I’ll be speaking with some prospective adoptive parents tonight. There are several of us “old-timers” who speak periodically to a group of waiting parents at Adoption Choices. Although it’s been 15 years since I was part of that group, when I look out in the audience, I still recognize myself. I’m the woman with the smile and the slightly sad eyes listening very politely but not saying a word. I see M in most of the men – barely listening, with arms crossed and eyes on the clock.
We speakers show pictures of our children and tell the stories of how we came to adopt them. We share the lessons we’ve learned along the way. We are there as proof that the waiting actually leads somewhere.
I always try to make Sad Eyed Lady laugh a little and I picture what Arms Crossed Man will look like when he sees his boy or girl for the first time. I tell them how we got the call that K was to be born at 9:00 pm on April 13th and we were on a flight to CA at 7:00 am the next day. I tell them how we checked in a stroller and car seat and the agent asked us if we had forgotten something. And how M and I looked around in a panic but had no idea what he meant. “Your baby? Did you forget your baby?” he asked. And how M and I laughed excitedly and explained that our baby was being born and we were on our way to get her.
I tell them that we never expected to get there in time to see K be born but we were. I tell them how M cut the cord and that I was the first person to hold her. I tell them how beautiful she was and how M and I thought because we didn’t give birth to her we could be objective about that. I tell them how we secretly laughed at all the other parents who thought their babies were beautiful when in fact K was the only beautiful baby there. And how when we got home two weeks later, the newborn pictures from the hospital photographer were there waiting for us. We opened them and thought there had been a mistake because the baby in the pictures looked just like all the other babies.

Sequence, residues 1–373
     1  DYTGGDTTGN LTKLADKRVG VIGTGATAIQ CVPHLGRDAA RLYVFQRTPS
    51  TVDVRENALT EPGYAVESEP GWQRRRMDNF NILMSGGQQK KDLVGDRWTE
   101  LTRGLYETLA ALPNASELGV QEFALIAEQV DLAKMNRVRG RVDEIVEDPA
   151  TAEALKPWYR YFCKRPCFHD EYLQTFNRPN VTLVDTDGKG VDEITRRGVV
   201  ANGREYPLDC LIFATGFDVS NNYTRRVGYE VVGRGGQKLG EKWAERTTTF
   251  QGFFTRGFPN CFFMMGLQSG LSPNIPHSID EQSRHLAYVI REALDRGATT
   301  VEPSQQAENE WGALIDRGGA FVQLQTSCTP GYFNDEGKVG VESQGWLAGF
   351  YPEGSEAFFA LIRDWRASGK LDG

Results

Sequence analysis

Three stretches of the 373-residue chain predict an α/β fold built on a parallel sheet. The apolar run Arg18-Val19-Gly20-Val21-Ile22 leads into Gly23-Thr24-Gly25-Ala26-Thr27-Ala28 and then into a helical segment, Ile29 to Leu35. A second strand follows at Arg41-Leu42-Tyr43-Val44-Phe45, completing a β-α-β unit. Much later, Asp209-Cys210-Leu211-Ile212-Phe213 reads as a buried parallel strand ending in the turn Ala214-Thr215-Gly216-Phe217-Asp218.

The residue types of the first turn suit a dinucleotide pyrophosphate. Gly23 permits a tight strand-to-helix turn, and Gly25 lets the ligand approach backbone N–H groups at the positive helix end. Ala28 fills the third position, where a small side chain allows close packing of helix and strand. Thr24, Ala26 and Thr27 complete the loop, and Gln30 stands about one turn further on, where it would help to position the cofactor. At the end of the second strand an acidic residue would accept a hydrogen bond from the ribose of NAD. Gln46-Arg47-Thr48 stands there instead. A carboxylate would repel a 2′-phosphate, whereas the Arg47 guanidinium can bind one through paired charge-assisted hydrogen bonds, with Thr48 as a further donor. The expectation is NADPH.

I may tell them about our conversation with the hospital photographer who sensed how terrified we were. She told us that she had been scared when her kids were born but she comforted herself with the fact that and I quote “there were people way stupider than me who had kids and they seemed to do just fine.” I remember finding very little reassurance from that. After she walked away, I said to M “She doesn’t know us! Maybe we’re more stupid than the stupid people she knows! Maybe we’re the most stupid people there are!” Yeah, if Sad Eyed Lady hasn’t laughed yet, I’ll tell them that one.
And then I’ll tell them some of the things I’ve learned along the way. I’ll tell them that people may say stupid stuff about adoption every now and then. I’ll tell them that at first they’ll get mad and then they’ll find a way to educate people in their own way. I’ll tell them that I’ve realized I’ve said stupid stuff to people about things I didn’t understand and never meant any harm. I’ll tell them educating people does a lot more for our kids than the perfectly timed and perfectly delivered smart retort, if said retort ever actually existed in real life, which it doesn’t.
I’ll tell them they’ll ultimately find a balance between what they share with people and what they don’t. And eventually, their kids will be the ones to help decide because this is their story too and they may not be comfortable sharing information. If there’s time, I’ll tell how K illustrated how uncomfortable sharing information can feel when she told the cashier at a fast food restaurant that she “was born in California because my mom (stopping to point directly at me for the cashier and the others in the crowd) can’t grow babies in her belly so my mom and my dad went to California to adopt me!”
I’ll listen to the stories of the other speakers on the panel. I’ll laugh at some and get misty-eyed at others. I’ll learn something from the lessons they share. I’ll hug some of them and shake hands with others and look forward to seeing them again next year. And I’ll watch Sad Eyed Lady leave and know that one day those eyes won’t look sad any more.